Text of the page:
Short Takes: News From All Over

By Staff and Utne.Com

Earmark Watch
By Taxpayers for Common Sense and the Sunlight Foundation
Americans have a new tool at their disposal to track the how the government is spending their tax dollars. Earmark Watch, created by the nonprofits Taxpayers for Common Sense and the Sunlight Foundation, sheds light on the often-shady add-ons (also known as “pork”) to congressional bills that appropriate money to a specific person or project. The new website details the particularities of each earmark, including which representative sponsored it and who or what that recipient is. Visitors are encouraged to help out by contributing research or comments to the site. (Thanks, Future Tense.) — Chris Gehrke

The God of Sperm
By Steven Kotler, L.A. Weekly
California Cryobank houses the father lode of all sperm — enough, reports Steven Kotler, to “repopulate the planet several times over.” But its founder, Dr. Cappy Rothman (a.k.a. the King of Sperm) reigns over a 30 percent share of the $75 million sperm-bank industry. Kotler reports that “a mostly inept series of somewhat bizarre FDA rulings” has allowed the Sperm King to shape the course of many important reproductive ethics issues, ranging from donor anonymity to accidental incest. — Anna Cynar

In the Future, Your Recycling Will Be Monitored and Dumpsters Will Be Trashed
by Nina Shapiro, Seattle Weekly
Chris Martin has made a career out of Dumpster diving. Martin’s Seattle-based company CleanScapes goes through individuals’ and companies’ trash to educate them about recycling, proper garbage disposal, and composting. The process is known as a “garbage audit.” CleanScapes is now in the running for lucrative government contracts, and many companies are turning to if for help implementing innovative and cost-effective trash removal policies. Through CleanScapes, Martin hopes to build a world where Dumpsters are no longer necessary, and everyone knows what to toss in the can, and what not to. (Thanks, –Chris Gehrke

Spinner of Yarns, Maker of Floats
By Ray Sikorski, High Country News
Trekkers hankering for a frothy root beer float after a vigorous hike, should be sure to visit Black George Simmons, an 84-year-old volunteer ranger in Grand Teton National Park. Simmons claims to have served up 576 free root beer floats in the course of one record-setting year. “I realized that I had a mission, that I gave people hope,” said the “hobbit-like” man, who sports an impressive white beard. In spite of his age, Simmons says he’s “having fun and doing people good at the same time.” — Anna Cynar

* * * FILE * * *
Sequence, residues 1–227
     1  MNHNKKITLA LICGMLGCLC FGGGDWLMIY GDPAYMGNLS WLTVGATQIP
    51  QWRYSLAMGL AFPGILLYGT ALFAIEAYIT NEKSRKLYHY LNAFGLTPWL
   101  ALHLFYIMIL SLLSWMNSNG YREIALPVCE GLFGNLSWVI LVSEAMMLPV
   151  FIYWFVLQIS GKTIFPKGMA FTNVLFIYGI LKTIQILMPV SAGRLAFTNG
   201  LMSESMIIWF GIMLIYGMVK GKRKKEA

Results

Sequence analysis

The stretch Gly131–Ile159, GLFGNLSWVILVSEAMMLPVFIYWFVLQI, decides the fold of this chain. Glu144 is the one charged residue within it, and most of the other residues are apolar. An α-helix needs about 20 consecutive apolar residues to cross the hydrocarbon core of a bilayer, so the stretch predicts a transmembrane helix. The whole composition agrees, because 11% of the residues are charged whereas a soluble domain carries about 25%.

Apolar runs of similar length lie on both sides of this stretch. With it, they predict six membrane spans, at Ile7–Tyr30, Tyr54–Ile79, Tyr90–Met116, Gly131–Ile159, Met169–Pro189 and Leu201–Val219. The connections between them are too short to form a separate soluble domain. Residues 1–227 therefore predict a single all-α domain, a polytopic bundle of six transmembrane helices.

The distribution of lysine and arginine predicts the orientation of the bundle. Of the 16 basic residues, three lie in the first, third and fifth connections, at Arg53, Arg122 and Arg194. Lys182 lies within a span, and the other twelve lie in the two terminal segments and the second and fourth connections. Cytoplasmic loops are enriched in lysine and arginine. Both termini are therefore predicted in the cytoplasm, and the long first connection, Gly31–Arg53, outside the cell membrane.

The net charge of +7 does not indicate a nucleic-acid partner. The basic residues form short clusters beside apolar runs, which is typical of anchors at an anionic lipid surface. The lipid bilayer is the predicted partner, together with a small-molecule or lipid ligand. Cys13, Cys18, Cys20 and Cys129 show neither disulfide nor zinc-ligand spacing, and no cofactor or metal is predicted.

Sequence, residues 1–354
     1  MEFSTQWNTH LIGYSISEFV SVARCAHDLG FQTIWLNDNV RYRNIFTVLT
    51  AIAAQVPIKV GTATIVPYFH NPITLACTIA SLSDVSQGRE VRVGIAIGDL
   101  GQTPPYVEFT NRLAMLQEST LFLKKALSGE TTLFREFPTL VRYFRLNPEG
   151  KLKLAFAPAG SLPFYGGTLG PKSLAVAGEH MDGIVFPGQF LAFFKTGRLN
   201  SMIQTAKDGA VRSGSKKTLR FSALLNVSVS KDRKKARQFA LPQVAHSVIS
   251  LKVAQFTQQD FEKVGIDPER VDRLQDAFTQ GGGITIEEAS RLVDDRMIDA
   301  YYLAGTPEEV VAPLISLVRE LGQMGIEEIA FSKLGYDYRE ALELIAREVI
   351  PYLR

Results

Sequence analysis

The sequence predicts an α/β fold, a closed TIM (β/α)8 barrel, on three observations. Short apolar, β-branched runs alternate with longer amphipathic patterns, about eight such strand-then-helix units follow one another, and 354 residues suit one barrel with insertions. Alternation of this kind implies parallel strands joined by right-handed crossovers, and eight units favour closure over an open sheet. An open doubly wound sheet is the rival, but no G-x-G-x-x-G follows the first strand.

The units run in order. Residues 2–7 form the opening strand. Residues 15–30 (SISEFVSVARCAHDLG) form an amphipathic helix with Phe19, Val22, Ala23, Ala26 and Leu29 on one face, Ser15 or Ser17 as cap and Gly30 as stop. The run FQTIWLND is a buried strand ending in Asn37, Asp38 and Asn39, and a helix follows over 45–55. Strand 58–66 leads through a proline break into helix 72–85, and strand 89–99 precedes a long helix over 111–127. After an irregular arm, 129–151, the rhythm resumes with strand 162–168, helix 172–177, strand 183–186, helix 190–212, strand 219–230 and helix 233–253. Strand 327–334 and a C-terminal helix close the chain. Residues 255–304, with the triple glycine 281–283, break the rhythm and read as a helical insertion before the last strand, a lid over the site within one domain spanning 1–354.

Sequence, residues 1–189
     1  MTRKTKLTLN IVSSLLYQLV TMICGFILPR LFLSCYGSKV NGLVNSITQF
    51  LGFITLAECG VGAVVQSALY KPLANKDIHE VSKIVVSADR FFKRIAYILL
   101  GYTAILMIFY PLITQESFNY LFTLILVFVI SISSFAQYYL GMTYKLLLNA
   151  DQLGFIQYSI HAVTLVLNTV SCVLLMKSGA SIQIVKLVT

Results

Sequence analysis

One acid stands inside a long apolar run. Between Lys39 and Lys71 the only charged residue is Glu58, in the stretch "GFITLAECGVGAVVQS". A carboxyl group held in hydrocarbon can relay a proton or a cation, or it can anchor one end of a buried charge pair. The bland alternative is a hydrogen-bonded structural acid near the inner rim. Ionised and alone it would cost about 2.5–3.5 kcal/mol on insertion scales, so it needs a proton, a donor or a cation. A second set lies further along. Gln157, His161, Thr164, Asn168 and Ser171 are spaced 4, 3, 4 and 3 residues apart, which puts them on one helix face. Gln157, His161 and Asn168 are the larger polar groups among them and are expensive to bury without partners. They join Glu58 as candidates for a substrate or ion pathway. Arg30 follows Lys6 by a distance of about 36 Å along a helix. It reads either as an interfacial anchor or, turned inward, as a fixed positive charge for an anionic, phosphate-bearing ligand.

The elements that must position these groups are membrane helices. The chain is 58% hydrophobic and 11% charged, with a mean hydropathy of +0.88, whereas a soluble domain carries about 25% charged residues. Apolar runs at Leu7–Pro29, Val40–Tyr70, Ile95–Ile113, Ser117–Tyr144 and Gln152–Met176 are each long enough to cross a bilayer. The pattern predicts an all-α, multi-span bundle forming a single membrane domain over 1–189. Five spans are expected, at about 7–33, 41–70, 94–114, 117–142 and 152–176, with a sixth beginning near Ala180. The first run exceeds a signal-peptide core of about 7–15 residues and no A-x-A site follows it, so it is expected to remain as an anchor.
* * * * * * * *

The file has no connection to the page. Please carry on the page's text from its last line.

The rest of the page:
Guiding Himalayan Treks, Nepali Woman Scales Mountains of Social Taboos
By Jasmine Scott, the Christian Science Monitor
Nepali women are usually expected to dutifully accept their roles as housewives. Kamala Biswakarma, however, chooses to spend her time leading foreign travelers through the Himalayan mountains. Biswakarma is a vital part of Empowering Women of Nepal, an organization that trains women as Himalayan guides. The group works to empower and employ Nepali women, and also helps female travelers avoid the harassment and abuse experienced by many on tour groups guided by men. — Cara Binder

Male Day Laborers Turn to Prostitution
By Claudia Núñez, La Opinion via New America Media
Immigrant day laborers, who often assemble on street corners or in designated worker centers, are increasingly being exploited as prostitutes. Day laborer Ricardo Ceniceros explains that “Gringos see us as cheap brothels and not as day labor centers.” Some workers enter the sex trade knowingly, in exchange for cash. Others, Núñez reports, are either drugged or tricked into prostitution with the promise of jobs cleaning or painting. — Anna Cynar

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